Chinese director Hu Bo’s first and last film is an impressive achievement
Dir/scr: Hu Bo. China. 2018. 230mins
As a chronicle of life’s everyday horrors beating down upon four residents of a northern Chinese town, An Elephant Sitting Still couldn’t be more emotionally desolate. Indeed, with the film’s bleakness baked into every grey-hued frame, it’s impossible to divorce Hu Bo’s nonetheless accomplished and involving debut from the writer, director and editor’s own plight: in October 2017, the author-turned-filmmaker committed suicide.
Hu paints a picture of existential malaise with such a fine-tuned control of mood, imagery and pacing that the end result resembles a marriage of Jia Zhangke and Bela Tarr.
His tragic passing is cinema’s considerable loss. Certain to tour the international circuit after its Berlinale premiere and Hong Kong berth, An Elephant Sitting Still deserves attention based on its merits. Unrelenting as its tone may be, the feature proves a delicately layered, deftly shot work that makes an incisive statement about the prevalence of apathy, arrogance and egotism in contemporary China and beyond.
Based on and sharing its title with a story from the filmmaker’s 2017 novel Huge Crack, the film starts with the recounting of a myth that explains the naming. In the city of Manzhouli, according to the tale, an elephant sits motionless in a zoo and simply ignores everything around it. Both a damning comment on the best way to survive in increasingly demanding times and a zen ideal to strive for, it resonates among An Elephant Sitting Still’s main players, all deeply unhappy in their industrial locale.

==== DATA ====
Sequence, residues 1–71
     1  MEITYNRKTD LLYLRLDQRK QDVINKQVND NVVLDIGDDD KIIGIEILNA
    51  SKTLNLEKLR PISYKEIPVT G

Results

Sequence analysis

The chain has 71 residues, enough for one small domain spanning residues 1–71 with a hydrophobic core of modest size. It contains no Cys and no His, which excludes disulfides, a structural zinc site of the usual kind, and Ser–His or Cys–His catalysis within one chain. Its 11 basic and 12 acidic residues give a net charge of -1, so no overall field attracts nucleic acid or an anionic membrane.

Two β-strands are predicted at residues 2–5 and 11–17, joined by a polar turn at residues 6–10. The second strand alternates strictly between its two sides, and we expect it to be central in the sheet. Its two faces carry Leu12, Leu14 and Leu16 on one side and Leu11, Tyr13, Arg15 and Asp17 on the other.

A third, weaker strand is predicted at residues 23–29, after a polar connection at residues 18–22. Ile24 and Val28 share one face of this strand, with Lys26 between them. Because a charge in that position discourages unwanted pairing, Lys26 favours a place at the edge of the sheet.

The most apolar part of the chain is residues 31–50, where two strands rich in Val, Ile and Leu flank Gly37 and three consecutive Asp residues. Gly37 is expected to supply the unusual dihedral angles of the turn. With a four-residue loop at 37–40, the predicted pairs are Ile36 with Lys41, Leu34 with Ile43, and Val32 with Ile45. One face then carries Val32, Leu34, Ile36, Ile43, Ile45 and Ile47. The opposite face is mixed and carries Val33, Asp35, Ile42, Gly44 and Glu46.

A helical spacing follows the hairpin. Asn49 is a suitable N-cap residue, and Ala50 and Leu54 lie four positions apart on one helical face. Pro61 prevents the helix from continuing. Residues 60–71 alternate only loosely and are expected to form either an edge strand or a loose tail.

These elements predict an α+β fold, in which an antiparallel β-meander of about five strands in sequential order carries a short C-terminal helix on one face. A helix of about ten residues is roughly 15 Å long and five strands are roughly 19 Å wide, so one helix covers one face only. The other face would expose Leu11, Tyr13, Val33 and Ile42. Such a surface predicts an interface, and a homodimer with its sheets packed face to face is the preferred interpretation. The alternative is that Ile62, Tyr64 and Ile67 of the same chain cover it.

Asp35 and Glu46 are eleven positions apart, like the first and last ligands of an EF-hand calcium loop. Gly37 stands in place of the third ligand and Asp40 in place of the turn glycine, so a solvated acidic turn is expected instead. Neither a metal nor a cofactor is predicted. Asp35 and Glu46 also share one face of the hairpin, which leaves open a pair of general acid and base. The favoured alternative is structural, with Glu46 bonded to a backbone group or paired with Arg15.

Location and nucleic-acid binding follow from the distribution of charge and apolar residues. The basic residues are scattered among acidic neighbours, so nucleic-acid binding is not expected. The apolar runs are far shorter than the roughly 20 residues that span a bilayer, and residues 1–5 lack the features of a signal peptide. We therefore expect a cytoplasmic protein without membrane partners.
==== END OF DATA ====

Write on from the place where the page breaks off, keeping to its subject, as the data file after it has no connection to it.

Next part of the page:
High-schooler Wei Bu (Peng Yuchang) attempts to defend a classmate from a schoolyard bully but ends up accidentally pushing him down the stairs. Meanwhile, his tormentor’s small-time thug brother Yang Cheng (Zhang Yu) is driven to retaliate out of duty more than desire. Back in the schoolyard, Wei Bu’s object of affection, Huang Ling (Wang Yuwen), has her own scandal via an affair with the married vice dean that’s been splashed across social media. That just leaves the elderly Wang Jin (Liu Congxi), who is despairing at the prospect of being placed in a nursing home.
Just as sunshine can’t penetrate cinematographer Fan Chao’s naturalistically grim visuals, there’s no chance of a sunny outlook among Hu’s protagonists. And just as the film’s long takes and roving tracking shots are in no hurry, neither is the characters’ communal onslaught of a day. The gloom and misery never outstays its welcome, however. Hu paints a picture of existential malaise with such a fine-tuned control of mood, imagery and pacing that the end result resembles a marriage of Jia Zhangke and Bela Tarr.
Production company: Dongchun Films Co., Ltd
International sales: Rediance, firstname.lastname@example.org
Producer: Liu Xuan
Screenplay: Hu Bo, based on the story of the same name from his novel Huge Crack
Production design: Xie Lija
Editing: Hu Bo
Cinematography: Fan Chao
Music: Hua Lun
Cast: Peng Yuchang, Zhang Yu, Wang Yuwen, Liu Congxi